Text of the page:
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Obituary: Bulat Okudzhava

In the Sixties and Seventies the poet, writer and popular balladier Bulat Okudzhava became enormously popular in the Soviet Union for his verse, which he sang to his own acoustic guitar accompaniment. His melodies were simple, his lyrics moving and occasionally satirical, usually dealing with love, war and everyday life. The dissident tone, rather than content, of his songs made him an idol of Soviet youth and intelligentsia alike, but drew official disapproval, though he was never labelled a dissident.

Addressing Arbat Street in Moscow as "my fatherland" was not a message likely to find support from the Communist leadership under Brezhnev, nor was an obvious reference to Stalin as the black cat that terrorises its neighbours, "hiding his smile behind a moustache". Tapes of his recordings were sold on the black market and the KGB acted quickly to neutralise his influence. For years he was unable to publish his work.

Okudzhava was born in Moscow in 1924, the son of a Georgian father and Armenian mother. Both of them Communist Party officials, in 1937 his father was shot and his mother arrested and thrown into the Gulag, where she spent 19 years. Other members of his family suffered the same fate.

He left school in 1942 and volunteered for war service at the front, serving until 1945, when he entered Tbilisi University to study linguistics, graduating in 1950. He worked as a teacher at an agricultural school, as a journalist and in due course in a publishing house. He soon concentrated his efforts on writing poetry and music, and his first poems were published in 1953. He joined the Communist Party in 1955.

Khrushchev's "secret" speech at the 20th party congress in February 1956 jolted many Communists - especially those in their twenties and thirties - out of the inertia of fear that had paralysed their political imagination for more than 20 years. The debunking of Stalin and the cult of personality, while avoiding criticism of the system as such, promoted a climate of relatively freer thinking, expressed chiefly in the creative arts and to a lesser extent in the rewriting of history. With the overthrow of Khrushchev in 1964 and Brezhnev's rise to power, de-Stalinisation came to a halt. Books and plays were relegated to the "bottom drawer" until the distant future, and once more it became necessary to read between the lines for any hint of change in a liberal direction.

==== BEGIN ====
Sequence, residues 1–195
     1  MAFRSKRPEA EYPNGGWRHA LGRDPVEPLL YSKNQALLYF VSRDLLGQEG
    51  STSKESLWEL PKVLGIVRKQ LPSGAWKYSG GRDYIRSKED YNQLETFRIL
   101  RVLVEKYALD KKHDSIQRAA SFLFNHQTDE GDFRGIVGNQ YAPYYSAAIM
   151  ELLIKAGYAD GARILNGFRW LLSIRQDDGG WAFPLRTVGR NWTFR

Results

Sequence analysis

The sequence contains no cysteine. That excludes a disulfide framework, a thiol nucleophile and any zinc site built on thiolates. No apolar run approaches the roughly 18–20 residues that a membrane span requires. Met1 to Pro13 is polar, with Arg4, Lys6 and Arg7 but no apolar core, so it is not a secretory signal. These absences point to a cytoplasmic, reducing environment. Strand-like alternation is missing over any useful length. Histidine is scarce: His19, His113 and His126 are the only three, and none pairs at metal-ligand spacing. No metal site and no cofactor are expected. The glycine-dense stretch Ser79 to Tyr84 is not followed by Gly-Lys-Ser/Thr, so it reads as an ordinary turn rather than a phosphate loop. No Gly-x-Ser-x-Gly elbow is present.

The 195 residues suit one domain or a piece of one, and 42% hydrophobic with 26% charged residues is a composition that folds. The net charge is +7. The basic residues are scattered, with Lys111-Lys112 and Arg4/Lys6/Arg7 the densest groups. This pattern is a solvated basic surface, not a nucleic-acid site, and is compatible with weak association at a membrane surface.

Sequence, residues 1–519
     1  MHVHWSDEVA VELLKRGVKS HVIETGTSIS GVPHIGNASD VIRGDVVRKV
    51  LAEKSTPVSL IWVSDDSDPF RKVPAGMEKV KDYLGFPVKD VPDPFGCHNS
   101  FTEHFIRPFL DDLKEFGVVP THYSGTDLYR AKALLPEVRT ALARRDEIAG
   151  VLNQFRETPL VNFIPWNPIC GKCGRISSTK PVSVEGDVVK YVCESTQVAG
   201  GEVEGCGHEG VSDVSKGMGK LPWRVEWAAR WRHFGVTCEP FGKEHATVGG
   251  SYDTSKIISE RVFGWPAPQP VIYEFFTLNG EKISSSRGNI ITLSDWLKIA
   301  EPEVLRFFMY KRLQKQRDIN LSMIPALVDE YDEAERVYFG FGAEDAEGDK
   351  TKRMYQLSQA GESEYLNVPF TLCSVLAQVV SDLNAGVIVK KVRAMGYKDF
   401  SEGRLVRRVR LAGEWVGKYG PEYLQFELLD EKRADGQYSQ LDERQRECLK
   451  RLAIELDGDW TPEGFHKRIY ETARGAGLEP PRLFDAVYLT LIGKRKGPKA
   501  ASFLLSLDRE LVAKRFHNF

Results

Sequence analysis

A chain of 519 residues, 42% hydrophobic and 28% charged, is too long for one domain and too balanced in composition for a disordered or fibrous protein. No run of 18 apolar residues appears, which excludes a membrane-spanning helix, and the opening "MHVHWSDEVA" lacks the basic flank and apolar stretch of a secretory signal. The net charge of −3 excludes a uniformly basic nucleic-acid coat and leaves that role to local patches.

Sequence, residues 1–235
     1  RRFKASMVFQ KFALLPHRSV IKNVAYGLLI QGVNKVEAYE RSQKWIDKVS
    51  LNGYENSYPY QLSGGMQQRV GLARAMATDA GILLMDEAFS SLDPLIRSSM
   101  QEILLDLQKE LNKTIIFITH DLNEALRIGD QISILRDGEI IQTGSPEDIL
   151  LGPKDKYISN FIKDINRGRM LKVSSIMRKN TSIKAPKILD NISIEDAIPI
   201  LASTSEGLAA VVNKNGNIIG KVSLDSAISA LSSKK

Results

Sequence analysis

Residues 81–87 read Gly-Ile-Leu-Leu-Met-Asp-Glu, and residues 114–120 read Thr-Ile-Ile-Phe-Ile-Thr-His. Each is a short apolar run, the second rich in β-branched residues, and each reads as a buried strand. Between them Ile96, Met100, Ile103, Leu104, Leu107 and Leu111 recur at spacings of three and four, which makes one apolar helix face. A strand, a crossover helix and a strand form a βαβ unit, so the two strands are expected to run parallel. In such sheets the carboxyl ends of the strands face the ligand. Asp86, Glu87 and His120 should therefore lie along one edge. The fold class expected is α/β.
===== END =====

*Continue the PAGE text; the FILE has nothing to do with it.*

Okudzhava's autobiographical anti-war novel Bud' zdorov, shkolyar! ("Be Well, Schoolboy"), published in 1961, when he became poetry editor of the newspaper the Literary Gazette, was attacked for the "infantile psychology" of its hero. He became popular for his verse but could not publish it.

Like so many other loyal but critical "men of the Sixties", Okudzhava found in the regime of Mikhail Gorbachev a tolerant and indeed welcoming new face of mild authority, and he was able to make records and publish his books.

A prominent figure in the Russian intelligentsia, Okudzhava was a strong supporter of Boris Yeltsin in 1991, and he was made a member of the president's council on art and culture. In common with many other intellectuals and artists, he was deeply affected by the blood-bath in Chechnya, which he blamed on the government's misjudgement, but so great was his fear of a Communist victory in the presidential election of 1996 that he threw his support behind Yeltsin.

Okudzhava had a heart attack in 1991 while touring America, where he underwent heart surgery, and had suffered ill-health ever since. In 1994 he won the prestigious Russian Booker Prize, but was unable to attend the ceremony through illness.

Harry Shukman

Bulat Shalvovich Okudzhava, poet, singer and writer: born Moscow 9 May 1924; Poetry Editor, Moscow Literary Gazette 1956-64; Secretary, USSR Writers' Union 1986-91; married; died Paris 12 June 1997.